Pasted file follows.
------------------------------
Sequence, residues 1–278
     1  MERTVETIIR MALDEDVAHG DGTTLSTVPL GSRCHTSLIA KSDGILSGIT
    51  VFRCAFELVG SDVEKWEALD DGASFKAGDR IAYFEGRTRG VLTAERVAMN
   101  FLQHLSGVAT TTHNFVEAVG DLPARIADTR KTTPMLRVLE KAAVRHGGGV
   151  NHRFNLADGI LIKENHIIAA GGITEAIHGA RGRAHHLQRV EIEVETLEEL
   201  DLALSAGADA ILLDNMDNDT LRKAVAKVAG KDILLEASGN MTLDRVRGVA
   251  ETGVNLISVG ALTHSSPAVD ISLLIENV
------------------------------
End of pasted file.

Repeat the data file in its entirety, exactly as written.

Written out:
Sequence, residues 1–278
     1  MERTVETIIR MALDEDVAHG DGTTLSTVPL GSRCHTSLIA KSDGILSGIT
    51  VFRCAFELVG SDVEKWEALD DGASFKAGDR IAYFEGRTRG VLTAERVAMN
   101  FLQHLSGVAT TTHNFVEAVG DLPARIADTR KTTPMLRVLE KAAVRHGGGV
   151  NHRFNLADGI LIKENHIIAA GGITEAIHGA RGRAHHLQRV EIEVETLEEL
   201  DLALSAGADA ILLDNMDNDT LRKAVAKVAG KDILLEASGN MTLDRVRGVA
   251  ETGVNLISVG ALTHSSPAVD ISLLIENV